Sustain Mizzou hosts annual fall kick-off rally, sets goals for year
Sustain Mizzou will team up with other sustainability organizations this fall to conduct waste audits to keep the MU football stadium consistently cleaner.
Aug. 28, 2014
Students interested in promoting sustainability at Mizzou met at 7 p.m. on Aug. 27 on the Francis Quadrangle for Sustain Mizzou’s annual fall kick-off rally.
After students caught up with friends and ate pizza, Sustain Mizzou President Jackson Hambrick explained the organization’s six ongoing projects for this year: Stream Team, an eWaste drive, a Footprint blog, local food drive, eWeek and recycle printing, as well as their plans to team up with local and student organizations throughout the school year to further their mission.
Sustain Mizzou volunteers will team up with the Sustainability Office and Department of Parks, Recreation and Tourism this fall and conduct waste audits as part of a pilot program in hopes of keeping the amount of waste produced by the stadium consistently low in the future. Volunteers will cut trash and count compost material as part of the research efforts for the department.
“People seem to understand how to effectively recycle outside of the stadium, so (this year), we’re going to switch to focusing on low waste and composting inside the stadium,” Hambrick said.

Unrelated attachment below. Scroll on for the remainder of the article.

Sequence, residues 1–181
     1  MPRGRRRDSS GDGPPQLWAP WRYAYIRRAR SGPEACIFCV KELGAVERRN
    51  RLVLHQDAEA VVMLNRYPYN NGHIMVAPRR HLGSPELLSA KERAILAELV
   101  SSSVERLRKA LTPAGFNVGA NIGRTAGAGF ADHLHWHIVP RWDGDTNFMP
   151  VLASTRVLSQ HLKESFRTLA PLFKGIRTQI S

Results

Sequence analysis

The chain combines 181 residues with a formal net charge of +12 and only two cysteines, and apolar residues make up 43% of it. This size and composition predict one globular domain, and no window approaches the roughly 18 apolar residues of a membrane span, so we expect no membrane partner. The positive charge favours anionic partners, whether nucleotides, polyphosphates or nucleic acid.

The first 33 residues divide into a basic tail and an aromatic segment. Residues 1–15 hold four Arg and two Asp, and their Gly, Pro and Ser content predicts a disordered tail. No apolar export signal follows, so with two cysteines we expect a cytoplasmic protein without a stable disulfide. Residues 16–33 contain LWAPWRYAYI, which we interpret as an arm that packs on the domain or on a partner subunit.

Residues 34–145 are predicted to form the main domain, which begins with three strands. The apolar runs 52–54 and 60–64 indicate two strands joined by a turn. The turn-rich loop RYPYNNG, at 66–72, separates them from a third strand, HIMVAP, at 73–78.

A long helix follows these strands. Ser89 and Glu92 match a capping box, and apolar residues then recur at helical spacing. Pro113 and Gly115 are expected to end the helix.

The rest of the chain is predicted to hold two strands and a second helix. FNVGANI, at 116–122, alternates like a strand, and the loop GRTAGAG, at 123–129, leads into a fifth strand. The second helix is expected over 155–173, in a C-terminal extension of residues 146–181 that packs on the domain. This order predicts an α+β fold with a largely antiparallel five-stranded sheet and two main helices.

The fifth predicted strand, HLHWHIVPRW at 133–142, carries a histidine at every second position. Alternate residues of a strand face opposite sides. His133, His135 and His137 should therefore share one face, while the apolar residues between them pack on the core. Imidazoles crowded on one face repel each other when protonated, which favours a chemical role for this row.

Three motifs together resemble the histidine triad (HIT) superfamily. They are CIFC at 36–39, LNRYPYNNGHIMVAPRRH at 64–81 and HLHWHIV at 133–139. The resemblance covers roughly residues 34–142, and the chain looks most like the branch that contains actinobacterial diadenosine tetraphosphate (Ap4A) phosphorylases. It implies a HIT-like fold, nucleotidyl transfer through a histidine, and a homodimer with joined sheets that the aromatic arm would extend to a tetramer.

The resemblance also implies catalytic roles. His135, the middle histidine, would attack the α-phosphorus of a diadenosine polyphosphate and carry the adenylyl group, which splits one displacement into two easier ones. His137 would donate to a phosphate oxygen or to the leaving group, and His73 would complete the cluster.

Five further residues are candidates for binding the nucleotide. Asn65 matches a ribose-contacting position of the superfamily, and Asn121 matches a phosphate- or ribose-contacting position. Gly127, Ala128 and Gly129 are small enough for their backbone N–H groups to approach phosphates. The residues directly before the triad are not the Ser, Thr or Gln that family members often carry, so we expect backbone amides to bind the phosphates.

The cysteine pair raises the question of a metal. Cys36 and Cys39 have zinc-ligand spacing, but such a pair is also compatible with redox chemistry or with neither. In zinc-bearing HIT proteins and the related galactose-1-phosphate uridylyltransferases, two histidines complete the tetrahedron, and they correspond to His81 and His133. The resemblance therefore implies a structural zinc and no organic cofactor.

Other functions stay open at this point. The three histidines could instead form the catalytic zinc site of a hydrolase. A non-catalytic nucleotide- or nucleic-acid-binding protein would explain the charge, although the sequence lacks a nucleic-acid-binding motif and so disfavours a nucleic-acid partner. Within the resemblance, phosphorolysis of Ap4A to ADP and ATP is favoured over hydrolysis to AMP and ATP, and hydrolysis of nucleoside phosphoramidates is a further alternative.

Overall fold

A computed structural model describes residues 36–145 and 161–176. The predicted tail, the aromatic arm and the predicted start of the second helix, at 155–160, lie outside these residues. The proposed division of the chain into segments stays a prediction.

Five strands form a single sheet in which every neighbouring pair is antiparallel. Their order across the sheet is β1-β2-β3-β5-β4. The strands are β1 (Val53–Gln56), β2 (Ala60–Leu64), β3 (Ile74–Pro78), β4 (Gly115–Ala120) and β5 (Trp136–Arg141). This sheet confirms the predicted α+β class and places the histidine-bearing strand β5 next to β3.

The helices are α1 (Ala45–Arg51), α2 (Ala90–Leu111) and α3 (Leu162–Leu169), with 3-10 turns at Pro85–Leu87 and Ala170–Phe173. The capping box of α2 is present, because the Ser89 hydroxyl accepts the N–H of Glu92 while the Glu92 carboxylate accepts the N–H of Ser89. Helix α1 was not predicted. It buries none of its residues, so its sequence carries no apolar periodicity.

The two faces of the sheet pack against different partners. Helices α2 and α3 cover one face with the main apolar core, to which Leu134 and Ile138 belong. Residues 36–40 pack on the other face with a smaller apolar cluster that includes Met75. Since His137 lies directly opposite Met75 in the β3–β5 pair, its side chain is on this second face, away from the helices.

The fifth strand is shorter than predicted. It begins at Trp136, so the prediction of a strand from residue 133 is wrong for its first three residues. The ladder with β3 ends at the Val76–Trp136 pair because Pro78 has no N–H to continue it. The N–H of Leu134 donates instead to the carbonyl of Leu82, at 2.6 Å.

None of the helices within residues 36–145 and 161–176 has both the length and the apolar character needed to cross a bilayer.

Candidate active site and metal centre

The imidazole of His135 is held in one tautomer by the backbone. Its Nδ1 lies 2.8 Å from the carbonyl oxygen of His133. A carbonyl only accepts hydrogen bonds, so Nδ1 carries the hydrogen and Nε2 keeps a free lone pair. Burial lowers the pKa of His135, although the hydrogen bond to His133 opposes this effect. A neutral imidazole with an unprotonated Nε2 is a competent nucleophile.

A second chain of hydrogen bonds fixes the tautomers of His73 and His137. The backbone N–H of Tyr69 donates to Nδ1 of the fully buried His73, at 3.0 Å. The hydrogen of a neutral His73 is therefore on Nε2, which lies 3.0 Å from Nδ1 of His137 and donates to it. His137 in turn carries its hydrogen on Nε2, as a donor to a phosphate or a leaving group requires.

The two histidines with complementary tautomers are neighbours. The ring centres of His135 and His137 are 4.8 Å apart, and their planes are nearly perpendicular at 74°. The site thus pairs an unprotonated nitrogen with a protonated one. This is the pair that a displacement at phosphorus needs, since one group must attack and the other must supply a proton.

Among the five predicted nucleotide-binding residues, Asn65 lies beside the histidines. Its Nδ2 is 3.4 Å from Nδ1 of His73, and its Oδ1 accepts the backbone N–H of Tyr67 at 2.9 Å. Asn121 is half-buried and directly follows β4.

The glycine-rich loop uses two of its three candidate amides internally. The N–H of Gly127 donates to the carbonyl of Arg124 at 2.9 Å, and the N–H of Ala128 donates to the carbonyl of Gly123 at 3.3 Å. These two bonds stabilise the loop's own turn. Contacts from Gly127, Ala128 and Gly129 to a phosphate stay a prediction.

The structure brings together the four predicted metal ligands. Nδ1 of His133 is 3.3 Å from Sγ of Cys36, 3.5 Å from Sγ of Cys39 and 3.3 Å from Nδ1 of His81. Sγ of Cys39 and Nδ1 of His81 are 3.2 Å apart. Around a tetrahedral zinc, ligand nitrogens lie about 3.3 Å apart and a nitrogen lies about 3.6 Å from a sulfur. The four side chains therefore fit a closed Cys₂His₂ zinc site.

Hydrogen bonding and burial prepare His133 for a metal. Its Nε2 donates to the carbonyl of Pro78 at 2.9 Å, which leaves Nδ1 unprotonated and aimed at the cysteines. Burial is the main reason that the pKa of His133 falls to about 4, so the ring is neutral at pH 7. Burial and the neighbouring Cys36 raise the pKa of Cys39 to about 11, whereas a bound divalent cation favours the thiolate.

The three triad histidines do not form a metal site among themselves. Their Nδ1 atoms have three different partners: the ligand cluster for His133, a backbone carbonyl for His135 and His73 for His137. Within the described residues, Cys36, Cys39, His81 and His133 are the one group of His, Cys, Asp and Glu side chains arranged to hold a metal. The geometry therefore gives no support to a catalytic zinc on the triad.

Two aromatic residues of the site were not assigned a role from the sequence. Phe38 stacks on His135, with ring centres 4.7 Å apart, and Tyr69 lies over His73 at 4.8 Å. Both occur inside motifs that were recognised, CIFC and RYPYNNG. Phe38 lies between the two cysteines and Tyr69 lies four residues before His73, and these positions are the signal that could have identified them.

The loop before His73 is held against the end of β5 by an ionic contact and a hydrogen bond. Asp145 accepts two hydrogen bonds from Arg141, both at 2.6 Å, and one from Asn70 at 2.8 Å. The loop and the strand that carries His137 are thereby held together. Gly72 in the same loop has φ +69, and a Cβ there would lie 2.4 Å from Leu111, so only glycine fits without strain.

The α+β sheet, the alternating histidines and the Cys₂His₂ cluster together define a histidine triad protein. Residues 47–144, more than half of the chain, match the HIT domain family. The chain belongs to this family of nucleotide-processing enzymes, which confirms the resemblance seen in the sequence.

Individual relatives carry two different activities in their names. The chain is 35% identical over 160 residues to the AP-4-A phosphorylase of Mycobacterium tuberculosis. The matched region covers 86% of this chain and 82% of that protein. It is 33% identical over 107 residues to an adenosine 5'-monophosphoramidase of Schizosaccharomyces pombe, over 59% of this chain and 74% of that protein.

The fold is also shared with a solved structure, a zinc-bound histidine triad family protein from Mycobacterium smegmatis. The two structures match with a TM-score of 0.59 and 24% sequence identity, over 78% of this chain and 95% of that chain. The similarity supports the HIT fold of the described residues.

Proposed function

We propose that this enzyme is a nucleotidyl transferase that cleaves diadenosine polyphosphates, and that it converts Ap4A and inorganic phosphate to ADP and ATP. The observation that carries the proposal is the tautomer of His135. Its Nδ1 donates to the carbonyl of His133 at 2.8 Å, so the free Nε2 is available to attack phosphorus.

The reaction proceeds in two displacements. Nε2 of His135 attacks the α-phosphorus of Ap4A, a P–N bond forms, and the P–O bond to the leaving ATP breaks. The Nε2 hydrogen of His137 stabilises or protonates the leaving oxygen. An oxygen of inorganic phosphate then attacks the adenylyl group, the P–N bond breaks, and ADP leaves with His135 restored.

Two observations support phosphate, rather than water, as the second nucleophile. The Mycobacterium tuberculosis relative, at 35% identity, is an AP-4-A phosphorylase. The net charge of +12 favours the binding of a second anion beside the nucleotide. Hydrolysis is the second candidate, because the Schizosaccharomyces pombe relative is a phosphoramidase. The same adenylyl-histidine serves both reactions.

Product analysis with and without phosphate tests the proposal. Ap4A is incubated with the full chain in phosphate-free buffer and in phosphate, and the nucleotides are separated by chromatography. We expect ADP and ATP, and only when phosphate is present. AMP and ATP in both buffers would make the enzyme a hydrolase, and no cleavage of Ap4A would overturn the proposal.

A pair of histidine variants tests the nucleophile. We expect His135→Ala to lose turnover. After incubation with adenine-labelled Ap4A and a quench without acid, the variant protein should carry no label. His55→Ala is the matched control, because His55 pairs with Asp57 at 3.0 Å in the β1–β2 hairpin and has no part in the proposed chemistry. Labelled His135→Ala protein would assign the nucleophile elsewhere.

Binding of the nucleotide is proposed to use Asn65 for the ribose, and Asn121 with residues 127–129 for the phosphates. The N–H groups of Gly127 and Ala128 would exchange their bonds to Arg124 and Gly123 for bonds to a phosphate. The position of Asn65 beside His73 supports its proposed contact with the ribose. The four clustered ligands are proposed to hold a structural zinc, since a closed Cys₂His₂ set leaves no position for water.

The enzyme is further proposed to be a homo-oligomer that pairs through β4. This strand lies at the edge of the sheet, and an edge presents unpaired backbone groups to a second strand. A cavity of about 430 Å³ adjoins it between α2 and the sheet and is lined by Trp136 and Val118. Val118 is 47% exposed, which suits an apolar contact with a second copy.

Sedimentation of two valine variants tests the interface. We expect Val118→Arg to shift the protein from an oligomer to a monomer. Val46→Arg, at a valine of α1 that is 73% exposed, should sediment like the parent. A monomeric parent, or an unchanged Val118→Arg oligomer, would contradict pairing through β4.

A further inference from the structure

Additionally, Tigers for Community Agriculture,which specializes in vegetable growing, will be in full force in the upcoming weeks, and continue throughout the fall.
Students interested in farming and agriculture have the opportunity to volunteer at the Bradford Research Center Farm by growing, harvesting and eventually selling vegetables by themselves.
Under the supervision of a farming professional, students can take a bus throughout the week to the farm to work in three-hour shifts. Later this fall, students will be able to harvest the vegetables they grow and then sell them back to MU.
“It’s a unique, cool system where students can produce the food and buy it on campus,” Abigail Keel, the project leader for TCA, said. “It’s about the food movement and knowing where it’s coming from.”
This “closed-loop” system – where students grow the food on MU’s property, sell it to MU and then sell it back to Campus Dining Services and students – gives volunteers the opportunity to not only broaden their knowledge about vegetable farming and its processes, but also see their fellow peers and classmates purchase the food they have grown.
“This food project is a chance for students to learn about growing food and focus on what they’re doing and learning about when volunteering,” Keel said. “I’m proud that (TCA is) offering this opportunity for students.”
Hambrick said Sustain Mizzou and their partners are ultimately trying to build lifelong habits in students.
“College is a place where people change and habits can change,” Hambrick said.
Sustain Mizzou hopes to contribute to students’ change by being more adaptable and innovative in their ideas and projects, such as teaming up with organizations like the Environmental Leadership Office and Tigers for Community Agriculture.
“There is no end to sustainability,” former Sustain Mizzou President Nick Drysdale said. “We all share the earth…all live on this rock, and we have to take care of it; we’ve all got to do something.”